How to Build a Japanese Garden
Japanese Garden, there are few styles of garden more clinical yet as serene and calming as Japanese gardens. These gardens traditionally make extensive use of water, stone lanterns, bamboos, maples, azaleas, bridges and pagodas, but a simpler form can be created for small, enclosed gardens.
This is the so-called ‘dry garden’, a replica Japanese garden in which raked coarse sand or fine gravel covers the entire area and represents water, with rocks carefully positioned to create land. Additionally, distinctive plants in containers can be strategically placed to form focal points or areas of interest near paths or buildings. Planting bushes and small trees can also be done on the ground at the edges, with sand around it. Specimens of bonsai, the ancient Japanese art of miniature plant-growing, can be displayed on low tables. Plant Shrubs and bonsai trees in shallow small containers and store them in the dwarf through regular pruning of leaves, stems and roots.
Japanese Garden – Construction and maintenance
Small ‘dry’ gardens are easy to plan and quick to build, but sometimes they suffer from problems with weeds. When preparing the area allocated for your dry garden. Remove all perennial weeds, such as docks, dandelions, couch grass and ground elder. Rake and firm the surface, then place a porous fabric or plastic sheet over the entire area. Next, place a thin layer of fine gravel or coarse sand over the top. Japanese garden surface You need to brush it regularly to make patterns in gravel or sand and to remove debris, such as fallen leaves. Use a metal garden rake to create patterns. In ancient Japanese gardening, alternating rows of straight and wavy lines represent the flowing of a stream, while circles raked around rocks accentuate the fact that they look like islands.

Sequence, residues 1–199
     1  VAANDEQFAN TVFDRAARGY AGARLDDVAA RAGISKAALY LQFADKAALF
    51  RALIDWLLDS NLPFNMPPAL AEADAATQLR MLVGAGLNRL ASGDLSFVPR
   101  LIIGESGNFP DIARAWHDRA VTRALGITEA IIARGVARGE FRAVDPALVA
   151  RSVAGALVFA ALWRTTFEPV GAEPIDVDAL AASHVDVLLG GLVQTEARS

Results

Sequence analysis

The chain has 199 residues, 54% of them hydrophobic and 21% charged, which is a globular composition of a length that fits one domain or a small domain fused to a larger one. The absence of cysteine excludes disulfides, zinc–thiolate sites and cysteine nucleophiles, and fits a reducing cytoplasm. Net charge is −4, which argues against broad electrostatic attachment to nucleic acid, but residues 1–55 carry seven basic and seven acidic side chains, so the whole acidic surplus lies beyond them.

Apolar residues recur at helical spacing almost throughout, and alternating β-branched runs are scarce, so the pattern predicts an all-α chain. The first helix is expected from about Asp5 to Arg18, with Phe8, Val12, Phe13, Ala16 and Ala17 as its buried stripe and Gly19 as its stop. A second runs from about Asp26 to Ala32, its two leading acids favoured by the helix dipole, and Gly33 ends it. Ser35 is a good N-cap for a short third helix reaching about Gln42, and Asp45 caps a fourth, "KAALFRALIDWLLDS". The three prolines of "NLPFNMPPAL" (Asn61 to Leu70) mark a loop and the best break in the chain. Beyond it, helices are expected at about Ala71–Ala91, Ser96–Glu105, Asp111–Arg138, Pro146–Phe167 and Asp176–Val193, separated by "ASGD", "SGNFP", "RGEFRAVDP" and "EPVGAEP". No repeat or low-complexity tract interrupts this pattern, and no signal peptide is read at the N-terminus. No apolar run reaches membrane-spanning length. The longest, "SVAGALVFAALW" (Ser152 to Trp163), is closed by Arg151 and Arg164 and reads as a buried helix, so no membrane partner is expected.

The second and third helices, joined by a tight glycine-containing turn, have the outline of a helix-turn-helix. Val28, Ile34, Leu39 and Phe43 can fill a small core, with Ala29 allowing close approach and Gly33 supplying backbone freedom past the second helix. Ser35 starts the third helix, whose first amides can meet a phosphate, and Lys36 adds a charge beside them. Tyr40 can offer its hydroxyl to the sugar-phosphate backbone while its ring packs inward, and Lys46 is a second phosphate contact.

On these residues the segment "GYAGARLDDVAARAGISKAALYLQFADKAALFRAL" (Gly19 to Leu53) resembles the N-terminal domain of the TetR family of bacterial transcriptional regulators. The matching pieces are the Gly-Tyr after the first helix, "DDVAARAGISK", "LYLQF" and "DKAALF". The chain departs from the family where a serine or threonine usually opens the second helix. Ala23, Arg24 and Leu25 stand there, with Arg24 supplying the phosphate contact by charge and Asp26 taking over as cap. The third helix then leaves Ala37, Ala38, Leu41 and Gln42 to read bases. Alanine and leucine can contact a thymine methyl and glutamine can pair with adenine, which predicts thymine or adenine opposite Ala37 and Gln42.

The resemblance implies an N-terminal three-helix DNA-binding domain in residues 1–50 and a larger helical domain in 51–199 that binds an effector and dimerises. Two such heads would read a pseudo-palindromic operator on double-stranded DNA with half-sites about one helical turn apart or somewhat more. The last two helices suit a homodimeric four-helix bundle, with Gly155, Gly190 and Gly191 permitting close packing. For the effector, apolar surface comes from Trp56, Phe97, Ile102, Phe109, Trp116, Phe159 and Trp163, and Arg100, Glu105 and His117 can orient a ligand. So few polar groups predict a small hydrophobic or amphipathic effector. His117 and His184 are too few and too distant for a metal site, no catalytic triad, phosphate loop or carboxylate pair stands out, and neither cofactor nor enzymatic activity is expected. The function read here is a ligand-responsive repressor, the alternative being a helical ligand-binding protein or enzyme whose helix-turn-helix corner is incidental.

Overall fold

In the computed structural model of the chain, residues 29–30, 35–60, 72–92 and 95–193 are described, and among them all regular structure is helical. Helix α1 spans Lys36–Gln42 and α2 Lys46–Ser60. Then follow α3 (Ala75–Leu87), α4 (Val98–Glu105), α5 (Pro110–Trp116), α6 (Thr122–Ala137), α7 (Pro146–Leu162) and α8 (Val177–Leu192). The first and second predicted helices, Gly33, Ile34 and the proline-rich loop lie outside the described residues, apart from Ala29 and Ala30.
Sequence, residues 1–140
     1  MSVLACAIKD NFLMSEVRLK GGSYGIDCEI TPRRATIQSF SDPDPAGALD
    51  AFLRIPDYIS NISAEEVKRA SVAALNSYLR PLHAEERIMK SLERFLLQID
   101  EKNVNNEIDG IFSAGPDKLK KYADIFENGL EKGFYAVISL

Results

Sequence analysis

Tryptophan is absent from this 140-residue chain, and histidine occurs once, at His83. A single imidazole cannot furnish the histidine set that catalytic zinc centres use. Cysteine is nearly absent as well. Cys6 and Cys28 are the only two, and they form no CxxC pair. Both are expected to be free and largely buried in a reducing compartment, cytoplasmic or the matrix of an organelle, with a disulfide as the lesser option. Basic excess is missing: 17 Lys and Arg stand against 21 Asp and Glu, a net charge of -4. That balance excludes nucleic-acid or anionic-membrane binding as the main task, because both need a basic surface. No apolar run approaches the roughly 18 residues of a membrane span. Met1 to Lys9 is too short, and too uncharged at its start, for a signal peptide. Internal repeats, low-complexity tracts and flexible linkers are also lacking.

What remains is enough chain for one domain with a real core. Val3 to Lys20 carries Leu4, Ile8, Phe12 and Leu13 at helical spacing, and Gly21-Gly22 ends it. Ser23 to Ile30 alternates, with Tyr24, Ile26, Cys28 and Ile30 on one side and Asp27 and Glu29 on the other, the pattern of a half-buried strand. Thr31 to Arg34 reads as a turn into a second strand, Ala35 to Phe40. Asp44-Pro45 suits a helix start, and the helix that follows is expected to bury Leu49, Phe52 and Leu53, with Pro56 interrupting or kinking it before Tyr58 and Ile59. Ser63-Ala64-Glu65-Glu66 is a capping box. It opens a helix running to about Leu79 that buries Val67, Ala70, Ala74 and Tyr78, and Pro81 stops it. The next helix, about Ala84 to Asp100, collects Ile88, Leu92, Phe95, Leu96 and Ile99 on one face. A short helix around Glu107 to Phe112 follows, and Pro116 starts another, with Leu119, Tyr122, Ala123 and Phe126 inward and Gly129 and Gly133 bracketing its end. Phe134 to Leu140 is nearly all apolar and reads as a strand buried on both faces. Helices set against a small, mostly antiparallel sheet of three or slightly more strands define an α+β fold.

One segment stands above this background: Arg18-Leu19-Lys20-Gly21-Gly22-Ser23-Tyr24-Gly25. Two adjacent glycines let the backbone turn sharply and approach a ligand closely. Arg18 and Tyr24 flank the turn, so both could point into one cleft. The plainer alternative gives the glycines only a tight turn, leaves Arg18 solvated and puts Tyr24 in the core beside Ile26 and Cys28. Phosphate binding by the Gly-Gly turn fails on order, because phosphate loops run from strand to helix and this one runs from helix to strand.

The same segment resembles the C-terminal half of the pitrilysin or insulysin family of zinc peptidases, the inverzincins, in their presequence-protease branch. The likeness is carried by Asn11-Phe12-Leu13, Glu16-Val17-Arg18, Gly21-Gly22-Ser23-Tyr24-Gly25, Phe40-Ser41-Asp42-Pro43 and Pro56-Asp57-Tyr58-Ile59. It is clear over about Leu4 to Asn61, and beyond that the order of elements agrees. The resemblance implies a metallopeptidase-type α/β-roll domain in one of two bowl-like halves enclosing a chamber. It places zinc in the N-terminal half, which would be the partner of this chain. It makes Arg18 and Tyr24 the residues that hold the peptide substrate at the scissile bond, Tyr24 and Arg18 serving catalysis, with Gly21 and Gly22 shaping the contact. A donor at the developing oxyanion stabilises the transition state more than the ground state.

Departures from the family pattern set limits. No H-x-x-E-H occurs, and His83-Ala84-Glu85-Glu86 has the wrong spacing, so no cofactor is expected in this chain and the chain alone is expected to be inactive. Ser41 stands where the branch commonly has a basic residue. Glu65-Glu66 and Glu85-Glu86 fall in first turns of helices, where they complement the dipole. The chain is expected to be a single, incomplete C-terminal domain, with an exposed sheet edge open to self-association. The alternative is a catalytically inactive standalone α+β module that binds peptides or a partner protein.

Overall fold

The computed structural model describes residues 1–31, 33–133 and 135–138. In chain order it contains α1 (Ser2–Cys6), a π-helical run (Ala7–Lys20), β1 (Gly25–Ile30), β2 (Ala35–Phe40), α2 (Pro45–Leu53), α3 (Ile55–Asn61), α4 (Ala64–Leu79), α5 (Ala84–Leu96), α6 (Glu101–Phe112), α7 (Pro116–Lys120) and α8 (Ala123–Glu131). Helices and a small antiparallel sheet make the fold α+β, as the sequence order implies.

Japanese Garden – Plants for dry Garden Containers
Acerpalmatum ‘Dissectum Atropurpureum’:
Forms a low, dome-headed deciduous tree with finely-cut, bronze-red leaves. A. p. ‘Dissectum’ is similar, with light green leaves. Both these small trees are ideal for planting in large tubs, or even in the ground with gravel drawn around them. Height: 60-75cn Spread: 1.2m (4ft)
Fargesia nitida (previously known as Arundinaria nitida):
Hardy bamboo with purple stems that reveal a waxy bloom and bear bright green leaves. It is ideal for planting in a large, wooden planter. Height: 1.8-2.4m (6-8ft) Spread: Forms a clump
A tea garden was traditionally important in the ritual of Japanese tea ceremonies – an area where people would assemble and cast off worldly cares before drinking tea. The garden’s purpose was to encourage serenity and to focus thoughts. The garden was uncomplicated by ephemeral flowers; instead, trees, shrubs and ferns created a timeless and serendipitous landscape. The dry garden described opposite emulates this area of the Japanese garden.